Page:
Should ocean-drifted seeds be counted as research grade?

Thanks to the ocean carrying a seed, I found out that there is now a research grade baobab observation within the United States, posted last year. Should observations like these be casual instead? The ocean could carry quite an array of things to shore, but that doesn’t confirm their establishment in the local environment.

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If a human didn’t put it there, it’s considered “wild” on iNaturalist.


Yes I know about that, however I feel this is a loophole in the iNaturalist guidelines, it seems contrary to, well, just basic logic that whatever washes up in the United States is treated as native. Numerous freak incidents of organisms washing up on shore have been recorded in reliable sources, such as major news outlets, but no major conservation/environmental organization, whether that be the IUCN, USDA, etc. would record that as part of that organism’s range, as it did not result as part of a sustained population.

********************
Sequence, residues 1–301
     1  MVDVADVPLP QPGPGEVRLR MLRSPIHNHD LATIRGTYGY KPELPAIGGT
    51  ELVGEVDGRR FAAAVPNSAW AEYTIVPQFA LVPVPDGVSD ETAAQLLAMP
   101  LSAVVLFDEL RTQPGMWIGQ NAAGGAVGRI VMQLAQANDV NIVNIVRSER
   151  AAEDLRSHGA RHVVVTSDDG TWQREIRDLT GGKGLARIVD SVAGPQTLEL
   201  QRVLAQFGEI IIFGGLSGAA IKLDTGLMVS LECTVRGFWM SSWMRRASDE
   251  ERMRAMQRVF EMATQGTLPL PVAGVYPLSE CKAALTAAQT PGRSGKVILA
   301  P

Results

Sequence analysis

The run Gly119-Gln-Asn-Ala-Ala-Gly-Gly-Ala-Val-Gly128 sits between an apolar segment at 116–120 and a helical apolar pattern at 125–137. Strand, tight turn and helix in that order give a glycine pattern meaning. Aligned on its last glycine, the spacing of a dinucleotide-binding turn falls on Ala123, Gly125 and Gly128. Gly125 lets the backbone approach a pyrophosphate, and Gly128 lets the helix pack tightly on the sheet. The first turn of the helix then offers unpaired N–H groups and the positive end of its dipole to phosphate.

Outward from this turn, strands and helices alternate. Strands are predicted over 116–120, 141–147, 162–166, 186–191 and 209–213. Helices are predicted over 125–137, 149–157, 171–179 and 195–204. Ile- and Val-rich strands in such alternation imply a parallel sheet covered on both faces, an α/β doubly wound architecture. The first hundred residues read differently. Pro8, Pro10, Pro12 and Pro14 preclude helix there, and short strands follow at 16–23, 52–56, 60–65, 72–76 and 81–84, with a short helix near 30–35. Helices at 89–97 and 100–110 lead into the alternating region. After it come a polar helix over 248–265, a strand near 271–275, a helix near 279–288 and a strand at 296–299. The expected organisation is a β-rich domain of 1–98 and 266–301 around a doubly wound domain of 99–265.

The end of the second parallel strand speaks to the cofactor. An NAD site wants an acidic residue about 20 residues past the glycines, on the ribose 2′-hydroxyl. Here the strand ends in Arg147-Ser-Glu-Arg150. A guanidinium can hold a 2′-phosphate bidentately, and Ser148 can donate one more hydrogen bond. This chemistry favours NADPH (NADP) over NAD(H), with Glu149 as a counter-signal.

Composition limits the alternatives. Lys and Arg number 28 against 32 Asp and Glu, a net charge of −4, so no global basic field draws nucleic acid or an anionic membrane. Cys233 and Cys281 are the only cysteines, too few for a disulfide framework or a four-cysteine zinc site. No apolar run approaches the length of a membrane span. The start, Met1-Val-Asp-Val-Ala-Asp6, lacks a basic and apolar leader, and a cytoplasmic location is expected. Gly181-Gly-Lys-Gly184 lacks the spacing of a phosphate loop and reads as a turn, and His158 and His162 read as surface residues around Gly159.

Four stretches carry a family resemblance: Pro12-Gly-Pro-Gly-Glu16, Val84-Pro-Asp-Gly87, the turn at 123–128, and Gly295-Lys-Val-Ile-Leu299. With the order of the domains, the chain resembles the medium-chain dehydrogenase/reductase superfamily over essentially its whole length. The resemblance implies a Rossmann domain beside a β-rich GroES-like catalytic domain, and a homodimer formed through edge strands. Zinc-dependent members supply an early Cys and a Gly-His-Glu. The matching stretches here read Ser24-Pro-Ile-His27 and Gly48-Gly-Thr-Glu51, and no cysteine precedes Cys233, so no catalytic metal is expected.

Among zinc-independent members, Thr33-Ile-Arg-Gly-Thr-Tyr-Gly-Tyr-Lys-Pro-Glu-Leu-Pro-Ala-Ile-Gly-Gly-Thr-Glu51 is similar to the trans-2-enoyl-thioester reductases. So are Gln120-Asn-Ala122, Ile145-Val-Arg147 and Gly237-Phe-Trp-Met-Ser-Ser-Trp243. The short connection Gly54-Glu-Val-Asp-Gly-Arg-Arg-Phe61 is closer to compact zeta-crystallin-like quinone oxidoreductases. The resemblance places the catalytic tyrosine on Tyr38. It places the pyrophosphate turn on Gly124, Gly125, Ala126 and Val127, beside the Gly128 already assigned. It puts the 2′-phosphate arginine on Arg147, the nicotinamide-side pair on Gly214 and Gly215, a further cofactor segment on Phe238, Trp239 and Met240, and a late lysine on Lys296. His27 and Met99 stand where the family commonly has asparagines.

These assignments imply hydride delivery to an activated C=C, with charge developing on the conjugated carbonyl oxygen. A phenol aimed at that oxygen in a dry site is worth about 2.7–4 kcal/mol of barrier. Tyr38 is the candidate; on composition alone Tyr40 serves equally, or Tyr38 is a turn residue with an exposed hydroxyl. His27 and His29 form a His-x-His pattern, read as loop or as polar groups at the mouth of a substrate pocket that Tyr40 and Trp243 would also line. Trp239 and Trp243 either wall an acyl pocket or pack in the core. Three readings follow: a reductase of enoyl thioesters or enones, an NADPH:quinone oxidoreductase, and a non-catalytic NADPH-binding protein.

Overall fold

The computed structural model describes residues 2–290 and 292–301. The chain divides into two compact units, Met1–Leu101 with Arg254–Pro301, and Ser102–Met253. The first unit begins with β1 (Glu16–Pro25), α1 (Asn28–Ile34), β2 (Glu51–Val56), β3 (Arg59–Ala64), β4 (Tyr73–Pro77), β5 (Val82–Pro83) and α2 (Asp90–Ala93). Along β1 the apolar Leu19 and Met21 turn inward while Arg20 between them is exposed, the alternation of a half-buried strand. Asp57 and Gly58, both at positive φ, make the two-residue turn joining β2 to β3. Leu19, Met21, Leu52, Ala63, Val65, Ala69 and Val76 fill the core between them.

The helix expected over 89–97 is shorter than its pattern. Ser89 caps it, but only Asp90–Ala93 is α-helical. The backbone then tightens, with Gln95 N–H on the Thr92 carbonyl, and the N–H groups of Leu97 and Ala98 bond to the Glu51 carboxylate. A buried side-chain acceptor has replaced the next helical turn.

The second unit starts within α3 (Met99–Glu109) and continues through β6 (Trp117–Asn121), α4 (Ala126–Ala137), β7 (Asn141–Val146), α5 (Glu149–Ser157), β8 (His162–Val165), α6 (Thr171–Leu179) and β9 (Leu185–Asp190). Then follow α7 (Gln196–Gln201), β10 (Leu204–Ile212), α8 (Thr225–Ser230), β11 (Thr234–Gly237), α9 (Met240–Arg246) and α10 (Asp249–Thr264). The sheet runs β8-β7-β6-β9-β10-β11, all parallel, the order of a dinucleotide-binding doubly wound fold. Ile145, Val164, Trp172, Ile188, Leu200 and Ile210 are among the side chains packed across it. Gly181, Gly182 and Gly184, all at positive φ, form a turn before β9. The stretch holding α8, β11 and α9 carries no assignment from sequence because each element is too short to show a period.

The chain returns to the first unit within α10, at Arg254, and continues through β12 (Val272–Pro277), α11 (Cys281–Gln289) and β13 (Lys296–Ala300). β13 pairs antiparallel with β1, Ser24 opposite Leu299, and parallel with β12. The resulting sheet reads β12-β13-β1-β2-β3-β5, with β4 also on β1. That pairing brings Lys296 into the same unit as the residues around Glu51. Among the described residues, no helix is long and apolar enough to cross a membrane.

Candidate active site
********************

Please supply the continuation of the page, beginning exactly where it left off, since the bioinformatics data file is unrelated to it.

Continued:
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IMHO a drift seed is as natural as an accidental bird. Though unlikely in this case either could be the start of a range extension.


There is no reason for it not to count. Even though this probably won’t happen with the Baobab, the ocean carrying seeds is one of many ways species establish different ranges. It’s no different in this sense than a bird eating a seed from a plant East of a mountain range and pooping it out West of the range, starting a new population of it there. If it was established by natural means, it is wild.


There’s an iNat project for that


On iNat, the term “native” applies to a taxon, and wild/not-wild applies to an individual organism, so they’re not really comparable. For example, I live in the Bay Area. The taxon Quercus agrifolia is native to the area. But if I planted one in my garden, that individual plant would not be considered wild, even though the species is native.


If it has crossed the ocean on its own it is a sort of a native finding even though it is probably no more alive due to the salinity of the sea water.
Instead, in the case it has crossed the ocean by plane inside a baggage as a souvenir it is not wild! ;-)

NB: here there are many observations of cultivated plants that are still unflegged…

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